Story by SSG James Kennedy Benjamin on 03/14/2018
FORT SHAFTER FLATS, Hawaii Many people who were in Hawaii Jan. 13, 2018, thought it was going to be their last day to live. For more than half an hour after an inbound ballistic missile alert was issued, many residents and visitors to the tropical paradise were in a state of panic.
Since then the U.S. Army Reserve 9th Mission Support Command, headquartered at Fort Shafter, has been proactive in training and equipping not just their Soldiers, but their families as well in dealing with similar types of scenarios.
The 9th MSC's Family Programs office conducted a day and a half training for Family Readiness Group volunteers and liaisons from March 9 to 10 at the Daniel K. Inouye U.S. Army Reserve Complex, Fort Shafter Flats.
The training focused on FRG best practices and on crisis and readiness management to better equip their Army reserve Soldiers, their families and units across the Pacific.
"Army programs and services enable readiness by helping Soldiers and Families mitigate the unique demands of military life, foster life skills, and strengthen resilience," said Brig. Gen. Douglas Anderson, commanding general, 9th MSC.
The first part of the training allowed regional FRGs from Hawaii, Alaska, American Samoa, Korea, Guam and Saipan to discuss area specific practices and issues impacting their families. For a senior FRG volunteer, this proved invaluable.
"I liked the exercises where we had to get into groups and discuss what worked well and what challenges we faced," said Dr. Sheila Woods, a retired command sergeant major with the 9th MSC and now a senior volunteer with the 962nd Quartermaster Company, 9th MSC. "This allowed the group to talk through issues and concerns and to hear some best practices from those who are currently active or those seasoned volunteers."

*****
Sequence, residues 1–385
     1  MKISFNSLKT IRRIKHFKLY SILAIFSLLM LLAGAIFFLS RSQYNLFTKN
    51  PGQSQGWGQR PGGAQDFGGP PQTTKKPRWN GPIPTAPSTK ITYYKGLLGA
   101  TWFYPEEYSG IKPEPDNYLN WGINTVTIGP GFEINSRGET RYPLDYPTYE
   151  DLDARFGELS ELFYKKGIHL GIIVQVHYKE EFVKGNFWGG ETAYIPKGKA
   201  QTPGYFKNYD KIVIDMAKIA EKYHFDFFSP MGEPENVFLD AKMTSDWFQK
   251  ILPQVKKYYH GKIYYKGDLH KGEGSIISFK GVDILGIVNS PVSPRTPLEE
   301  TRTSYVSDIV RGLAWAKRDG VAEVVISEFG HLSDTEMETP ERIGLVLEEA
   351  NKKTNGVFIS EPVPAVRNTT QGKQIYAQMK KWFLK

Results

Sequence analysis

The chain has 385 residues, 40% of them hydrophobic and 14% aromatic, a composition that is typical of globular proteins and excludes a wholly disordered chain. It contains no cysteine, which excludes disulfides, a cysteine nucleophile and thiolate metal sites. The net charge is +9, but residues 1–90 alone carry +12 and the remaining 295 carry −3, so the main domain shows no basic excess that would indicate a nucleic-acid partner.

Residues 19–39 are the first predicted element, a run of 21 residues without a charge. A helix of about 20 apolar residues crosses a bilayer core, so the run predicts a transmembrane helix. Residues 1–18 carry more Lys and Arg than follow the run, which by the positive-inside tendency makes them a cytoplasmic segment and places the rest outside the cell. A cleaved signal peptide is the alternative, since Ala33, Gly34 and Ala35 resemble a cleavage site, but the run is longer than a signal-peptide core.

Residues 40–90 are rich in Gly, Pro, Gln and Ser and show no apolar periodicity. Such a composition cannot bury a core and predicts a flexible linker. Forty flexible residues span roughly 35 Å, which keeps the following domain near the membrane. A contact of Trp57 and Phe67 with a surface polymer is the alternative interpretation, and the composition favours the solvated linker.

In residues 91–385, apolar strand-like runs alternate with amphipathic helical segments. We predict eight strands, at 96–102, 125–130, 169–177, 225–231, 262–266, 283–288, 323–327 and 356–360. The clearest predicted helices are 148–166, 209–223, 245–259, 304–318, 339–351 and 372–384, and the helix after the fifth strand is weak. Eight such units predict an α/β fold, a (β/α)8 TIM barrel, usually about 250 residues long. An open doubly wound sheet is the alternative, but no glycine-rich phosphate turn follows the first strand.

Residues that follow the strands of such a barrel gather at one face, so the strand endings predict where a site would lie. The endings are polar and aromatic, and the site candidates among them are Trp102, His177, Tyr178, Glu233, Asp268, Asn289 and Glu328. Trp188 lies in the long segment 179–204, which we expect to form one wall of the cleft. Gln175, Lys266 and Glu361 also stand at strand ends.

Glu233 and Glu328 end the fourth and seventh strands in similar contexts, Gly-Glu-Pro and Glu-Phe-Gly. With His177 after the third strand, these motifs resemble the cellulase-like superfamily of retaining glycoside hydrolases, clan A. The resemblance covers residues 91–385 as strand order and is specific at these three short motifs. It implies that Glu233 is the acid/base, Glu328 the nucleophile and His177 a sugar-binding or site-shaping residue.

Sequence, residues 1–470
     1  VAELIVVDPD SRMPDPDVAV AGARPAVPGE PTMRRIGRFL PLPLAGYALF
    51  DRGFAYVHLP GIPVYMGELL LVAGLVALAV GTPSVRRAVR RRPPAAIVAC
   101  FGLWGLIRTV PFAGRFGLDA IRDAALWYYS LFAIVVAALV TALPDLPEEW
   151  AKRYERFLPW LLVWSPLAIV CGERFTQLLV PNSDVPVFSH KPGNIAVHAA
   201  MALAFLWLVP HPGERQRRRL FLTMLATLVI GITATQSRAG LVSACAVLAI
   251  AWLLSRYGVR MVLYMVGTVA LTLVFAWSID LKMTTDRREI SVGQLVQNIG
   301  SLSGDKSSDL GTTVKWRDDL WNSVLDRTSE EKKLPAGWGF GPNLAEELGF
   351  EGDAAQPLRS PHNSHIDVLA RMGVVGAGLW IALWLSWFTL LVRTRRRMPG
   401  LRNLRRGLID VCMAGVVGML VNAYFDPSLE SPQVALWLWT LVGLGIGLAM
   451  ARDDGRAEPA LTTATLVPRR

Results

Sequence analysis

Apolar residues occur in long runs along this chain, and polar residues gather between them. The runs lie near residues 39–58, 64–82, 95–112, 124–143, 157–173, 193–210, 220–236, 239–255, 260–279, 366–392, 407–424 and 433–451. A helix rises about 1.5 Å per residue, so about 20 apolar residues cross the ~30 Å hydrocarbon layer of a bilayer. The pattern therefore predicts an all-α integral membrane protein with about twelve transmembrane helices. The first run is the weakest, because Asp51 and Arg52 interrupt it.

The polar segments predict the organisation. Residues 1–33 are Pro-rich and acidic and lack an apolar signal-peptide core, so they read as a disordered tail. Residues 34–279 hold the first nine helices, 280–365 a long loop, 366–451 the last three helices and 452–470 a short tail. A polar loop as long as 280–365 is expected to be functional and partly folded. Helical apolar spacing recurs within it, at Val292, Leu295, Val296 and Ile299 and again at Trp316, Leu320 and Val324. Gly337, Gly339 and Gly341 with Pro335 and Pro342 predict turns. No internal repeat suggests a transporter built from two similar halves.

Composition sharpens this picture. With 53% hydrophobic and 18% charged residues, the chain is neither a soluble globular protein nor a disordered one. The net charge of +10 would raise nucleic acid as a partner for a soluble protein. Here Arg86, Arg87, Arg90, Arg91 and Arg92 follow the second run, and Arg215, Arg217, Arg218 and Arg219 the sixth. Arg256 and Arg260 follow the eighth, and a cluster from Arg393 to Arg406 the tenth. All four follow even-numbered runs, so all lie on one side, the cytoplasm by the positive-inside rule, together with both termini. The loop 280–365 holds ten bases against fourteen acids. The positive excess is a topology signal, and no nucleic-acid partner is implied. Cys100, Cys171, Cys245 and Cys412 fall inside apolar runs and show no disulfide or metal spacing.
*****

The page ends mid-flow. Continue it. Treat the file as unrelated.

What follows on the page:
The second part of the training drilled into crisis and readiness management. Guest speakers from internal and external agencies shared their latest information on their functions and how FRGs could utilize their different resources. Some of the topics and resources discussed where on American Red Cross services, Army Community Services, Army Disaster Personnel Accountability and Assessment System, Defense Support to Civil Authorities and Military One Source.
Woods said she enjoyed the small group discussions where individuals shared their experiences during natural disasters. The groups worked through the most dangerous and the most likely scenarios, while brainstorming plans on how to best prepare their families.
"It gave the participants first hand insight into things that went right and what could have been done better," said Woods, who lived in Hawaii for almost 26 years and now resides in San Antonio.
The 40 participants, who represented different units, who came to the training with little to no experience in preparing families for crisis left the training more prepared.
"After attending this training, our families have the tools and resources needed to guide them through the process if faced with a crisis," Woods said. "This training gave those who attended a baseline or foundation to build or start from."
For Anderson, Family Readiness plays a critical role in the command.
"The more trained and equipped our Families are at home, the better focused our Soldiers will be on their mission when deployed," Anderson said.
For Woods, FRGs serve a greater significance when Soldiers are deployed.
"Family readiness is important because when that times comes for our service men and women to deploythey are leaving behind their families and their support system," Woods said. "When our families are resilient and connected, they become a valuable asset not only to our Soldiers, but to the unit and to the community."